I’m just as likely to berate her publisher as I am GP. Very few fall into her financial demographic, and if she was unable to see this, her publisher should have. I do eat organic foods, grow as much myself as I can and shop carefully for what I can’t. In theory that would place me in her demographic except I could never afford what she endorses.

      Of course, what are her qualifications for endorsing them?

      Am I berating her? Not really, I’m simply disgusted. Years ago I worked for the publisher that produced The Beverly Hills Diet. I managed the production of this piece of crap book. It sold millions – no one really cared that a few dozen died from the effects of a diet created by someone who had no qualifications to create and endorse a diet.

    • Isabelle

      Well her first book must have sold enough copies for her to be able to do a second. She is not pretending to be a doctor or nutritionist, if you can’t afford the recipes move on with your life and let her do her own thing. I just find it mystifying how many people feel inferior towards her when they can simply just ignore her and let her live her own life.

    • Cassandra Hough

      I like your strikes. She really has set herself up for all of the war-like fodder she’s had to endure. What I find especially mind-boggling is how she hasn’t used any of it for a little self-reflection/understanding.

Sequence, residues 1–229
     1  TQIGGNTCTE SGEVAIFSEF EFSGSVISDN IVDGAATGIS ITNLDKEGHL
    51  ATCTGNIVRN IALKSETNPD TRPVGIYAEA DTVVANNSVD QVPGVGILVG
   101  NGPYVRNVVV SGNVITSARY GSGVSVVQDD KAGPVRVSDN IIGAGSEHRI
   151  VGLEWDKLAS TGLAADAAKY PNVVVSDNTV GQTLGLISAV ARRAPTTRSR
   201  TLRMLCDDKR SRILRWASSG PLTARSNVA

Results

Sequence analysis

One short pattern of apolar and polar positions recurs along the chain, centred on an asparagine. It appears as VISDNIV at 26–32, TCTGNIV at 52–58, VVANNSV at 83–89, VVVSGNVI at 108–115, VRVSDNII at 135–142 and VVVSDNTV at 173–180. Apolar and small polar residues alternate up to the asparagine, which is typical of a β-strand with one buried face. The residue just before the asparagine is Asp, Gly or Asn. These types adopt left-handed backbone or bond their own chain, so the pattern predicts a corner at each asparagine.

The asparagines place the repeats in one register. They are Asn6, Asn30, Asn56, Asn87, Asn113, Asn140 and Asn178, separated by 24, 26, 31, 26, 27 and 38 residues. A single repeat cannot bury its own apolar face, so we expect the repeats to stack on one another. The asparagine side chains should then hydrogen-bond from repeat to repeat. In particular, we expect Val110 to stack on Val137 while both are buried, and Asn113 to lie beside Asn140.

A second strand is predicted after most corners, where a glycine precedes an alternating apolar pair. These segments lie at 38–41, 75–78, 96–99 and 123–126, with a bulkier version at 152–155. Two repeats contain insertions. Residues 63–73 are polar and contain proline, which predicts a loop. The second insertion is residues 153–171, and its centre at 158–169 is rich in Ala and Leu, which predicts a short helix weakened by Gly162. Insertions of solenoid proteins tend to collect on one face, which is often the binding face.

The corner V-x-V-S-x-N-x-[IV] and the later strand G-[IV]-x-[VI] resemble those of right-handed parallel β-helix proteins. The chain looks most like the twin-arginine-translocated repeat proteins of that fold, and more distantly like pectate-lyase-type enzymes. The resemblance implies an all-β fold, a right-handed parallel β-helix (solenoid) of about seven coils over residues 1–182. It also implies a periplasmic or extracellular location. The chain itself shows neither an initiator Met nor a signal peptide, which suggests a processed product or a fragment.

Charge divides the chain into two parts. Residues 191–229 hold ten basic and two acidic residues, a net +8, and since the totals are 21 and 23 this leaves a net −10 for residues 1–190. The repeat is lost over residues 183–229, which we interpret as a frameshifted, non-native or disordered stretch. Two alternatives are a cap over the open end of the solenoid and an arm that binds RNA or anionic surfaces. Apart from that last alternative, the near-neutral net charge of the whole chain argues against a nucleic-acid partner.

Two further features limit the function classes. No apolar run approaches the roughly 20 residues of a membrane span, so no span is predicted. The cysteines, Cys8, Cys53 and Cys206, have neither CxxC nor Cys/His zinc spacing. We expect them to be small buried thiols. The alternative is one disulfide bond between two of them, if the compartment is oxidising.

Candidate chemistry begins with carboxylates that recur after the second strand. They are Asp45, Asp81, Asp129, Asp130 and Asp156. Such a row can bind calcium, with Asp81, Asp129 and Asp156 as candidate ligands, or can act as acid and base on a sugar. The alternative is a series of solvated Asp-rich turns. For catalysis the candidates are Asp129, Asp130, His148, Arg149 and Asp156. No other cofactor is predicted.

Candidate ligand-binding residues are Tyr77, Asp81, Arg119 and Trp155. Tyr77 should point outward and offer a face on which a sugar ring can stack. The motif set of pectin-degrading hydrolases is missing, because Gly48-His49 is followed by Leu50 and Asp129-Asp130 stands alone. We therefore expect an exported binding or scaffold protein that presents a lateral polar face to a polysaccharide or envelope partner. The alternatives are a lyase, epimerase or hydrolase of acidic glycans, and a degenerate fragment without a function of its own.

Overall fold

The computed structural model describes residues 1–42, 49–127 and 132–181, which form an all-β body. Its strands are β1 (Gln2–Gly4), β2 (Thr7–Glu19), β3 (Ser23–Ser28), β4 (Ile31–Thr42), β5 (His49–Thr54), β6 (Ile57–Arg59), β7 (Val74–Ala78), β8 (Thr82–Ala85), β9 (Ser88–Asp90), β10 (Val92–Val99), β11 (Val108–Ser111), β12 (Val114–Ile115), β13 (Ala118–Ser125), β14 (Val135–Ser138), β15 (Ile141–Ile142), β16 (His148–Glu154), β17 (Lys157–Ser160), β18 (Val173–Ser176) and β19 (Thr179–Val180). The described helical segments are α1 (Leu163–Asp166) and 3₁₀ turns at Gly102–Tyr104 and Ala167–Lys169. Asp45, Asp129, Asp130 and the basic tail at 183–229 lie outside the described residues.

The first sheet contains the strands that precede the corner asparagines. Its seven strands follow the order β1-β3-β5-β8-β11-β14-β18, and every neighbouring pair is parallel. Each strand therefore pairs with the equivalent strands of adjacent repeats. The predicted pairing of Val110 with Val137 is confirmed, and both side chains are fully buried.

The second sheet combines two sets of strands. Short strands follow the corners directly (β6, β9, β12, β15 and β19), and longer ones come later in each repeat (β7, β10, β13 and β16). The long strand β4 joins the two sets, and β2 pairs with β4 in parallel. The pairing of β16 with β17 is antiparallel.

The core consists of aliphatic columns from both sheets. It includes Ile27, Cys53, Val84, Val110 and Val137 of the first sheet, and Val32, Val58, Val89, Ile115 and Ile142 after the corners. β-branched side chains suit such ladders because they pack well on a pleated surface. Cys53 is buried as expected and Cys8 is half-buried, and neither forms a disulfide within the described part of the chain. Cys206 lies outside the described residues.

• fantasymother

      She’s been too busy uncoupling ;-)

    • JenH1986

      This is totally conspiracy theory here but: I wonder if she really doesn’t think about it? The only time GP is relevant anymore is when she says stupid shit like this (or publishes her stupid cookbook). She plays a minimal part in a movie franchise. She hasn’t been lead in anything in ages. I can’t decide if she’s really that FUCKING clueless…or if she’s more “screw it I can’t act but I’ll stay relevant by saying totally asinine things” or a combination of both.

    • fantasymother

      That’s definitely possible. I think it’s common for many celebrities to be “leaked” saying really stupid things simply to keep their names in the headlines. As they say, the only bad publicity is no publicity.

  • Alikay

    I think it’s also worth noting that Charlize has a history of witnessing horrific abuse (she witnessed her mother shoot her father in self defense.) I believe she understands the gravity of the words she chose rather than someone as privileged and out of touch as Gwyneth.

    • Cassandra Hough

      This is another reason why I didn’t grow immediately righteous over her use of the word.

  • Hypocrisy

    Totally disagree – Charlize could have easily used “violated” instead to convey her message. Her comment still trivializes rape – it’s not the same at all as to lack of privacy due to being superfamous. :o(
    Also, for someone who witnessed domestic violence firsthand, it is pretty sad that Charlize would get involved with notorious hothead and woman beater Sean Penn.

  • Brad Pitt’s big toe

    The best scene I’ve seen out of Paltrow was when her’ head was in a box.